In the highlands of northern Ethiopia, the mountains keep insiders in and outsiders out. There is only one main road, and no other access except on foot. For Sebastião Salgado, who took these photographs, this made it a perfect subject. “I wanted to photograph here because it is isolated,” he says.
Pictured: The valley between Lalibela and Makina Lideta MaryanView gallery »
“Before I got there”, says Salgado, “I heard a lot of people who specialise in Ethiopia saying, ‘You’ll find a lot of starvation up there. Most of the starving in Ethiopia come from these highlands.’ That’s a supposition. When I walked through it, I discovered a huge area of traditional agriculture and production, very well done, very well worked out”
Autumn, Keats said, is the season of mists. A photo essay by Steffen Schrägle captures mist from New Zealand to Argentina, while Robert Macfarlane sums it up in words ...
Mist is trickster weather. It steals silently in, turns familiar landscapes strange, dampens sounds, blurs vision—then clears suddenly and without warning. It has fairy-tale properties: to find yourself in mist is to be both enchanted and unsettled. One of the eeriest hours of my life came in the Scottish Highlands. Five of us had climbed up, in thick snow, onto the summit plateau of a mountain called Beinn a’ Bhuird. Five hundred feet short of the plateau we met a fine white mist. The snow and the mist combined to produce the phenomenon known as white-out, in which air and ground seem to melt together and the world becomes depthless.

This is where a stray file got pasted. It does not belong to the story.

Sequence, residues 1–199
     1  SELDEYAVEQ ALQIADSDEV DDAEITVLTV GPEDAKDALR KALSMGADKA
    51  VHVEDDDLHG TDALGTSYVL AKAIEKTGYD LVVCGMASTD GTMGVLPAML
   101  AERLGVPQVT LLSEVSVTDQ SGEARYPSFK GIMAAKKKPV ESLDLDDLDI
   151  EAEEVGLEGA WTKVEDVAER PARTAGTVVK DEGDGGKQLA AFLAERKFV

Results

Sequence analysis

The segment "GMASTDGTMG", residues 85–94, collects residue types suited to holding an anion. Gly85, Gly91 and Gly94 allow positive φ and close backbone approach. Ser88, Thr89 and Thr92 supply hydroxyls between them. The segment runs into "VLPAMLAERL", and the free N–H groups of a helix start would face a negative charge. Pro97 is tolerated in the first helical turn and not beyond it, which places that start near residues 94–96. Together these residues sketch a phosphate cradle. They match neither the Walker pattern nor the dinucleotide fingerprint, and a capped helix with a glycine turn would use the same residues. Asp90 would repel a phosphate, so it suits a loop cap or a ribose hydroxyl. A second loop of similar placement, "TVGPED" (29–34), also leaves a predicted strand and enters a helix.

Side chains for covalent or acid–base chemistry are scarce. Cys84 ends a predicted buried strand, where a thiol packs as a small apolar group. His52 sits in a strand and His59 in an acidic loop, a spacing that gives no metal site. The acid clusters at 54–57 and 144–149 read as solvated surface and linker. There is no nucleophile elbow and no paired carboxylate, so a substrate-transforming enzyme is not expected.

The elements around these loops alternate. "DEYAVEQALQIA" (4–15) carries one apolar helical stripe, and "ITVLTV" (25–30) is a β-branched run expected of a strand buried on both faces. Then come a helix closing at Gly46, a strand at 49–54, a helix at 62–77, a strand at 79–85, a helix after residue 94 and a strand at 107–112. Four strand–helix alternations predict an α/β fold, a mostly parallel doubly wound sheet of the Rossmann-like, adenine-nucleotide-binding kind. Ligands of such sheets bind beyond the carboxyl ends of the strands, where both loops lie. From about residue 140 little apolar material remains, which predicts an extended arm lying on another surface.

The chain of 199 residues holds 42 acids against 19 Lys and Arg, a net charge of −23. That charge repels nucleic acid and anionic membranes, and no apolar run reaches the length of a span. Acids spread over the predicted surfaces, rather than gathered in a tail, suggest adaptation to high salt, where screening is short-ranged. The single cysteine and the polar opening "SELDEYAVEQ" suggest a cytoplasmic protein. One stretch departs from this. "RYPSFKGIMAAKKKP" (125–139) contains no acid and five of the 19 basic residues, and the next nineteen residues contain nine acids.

Pictured: South Island, New Zealand, June 2009 “I was driving around on a location scouting for a job and came upon this lake,” Steffen Schrägle says. “It was amazing to see the red light coming through the mist, as if from a painting. A kind of fairy tale. Nothing moved, there was no wind, it was just magic to see this moment. I still don’t know exactly where it was”View gallery »
When a British photographer moved to Cairo last year, he had no idea what was about to unfold before his eyes. In this photo essay, shot entirely on his iPhone, Steve Double captures a city before and after it made political history. Text by
Cairo is a difficult place. The biggest Arab or African city and one of the biggest mostly Muslim metropolises, it is furiously crowded, grubby and noisy. It is venerable as the home to the sole survivor among the seven wonders of the ancient world. But the pyramids of Giza are often smog-bound today. Their stark triangles no longer perch romantically at the edge of undulating Saharan wastes, but sit instead in a sandpit, rimmed by the highways and apartment blocks of Cairo’s ever-expanding western suburbs. As the nightly Sound and Light show at their feet proclaims, the Sphinx bears witness to 48 centuries of time. But history’s latest efflorescence happens to be a Kentucky Fried Chicken outlet whose own impassive sentinel, Colonel Sanders, gazes back at the Sphinx from a hundred yards away.
Pictured: “In a city that must be one of the most polluted in the world,” Steve Double says, “a clear sky is a rare thing and a clear sky with clouds even rarer. So, on the odd occasion that you can see the sunset in more than an orange haze of exhaust fumes, it’s a wonderful moment.” The image of the sun’s rays fanning out across the heavens has a particular relevance here: “It is thought to have inspired the architects of the pyramids”View gallery »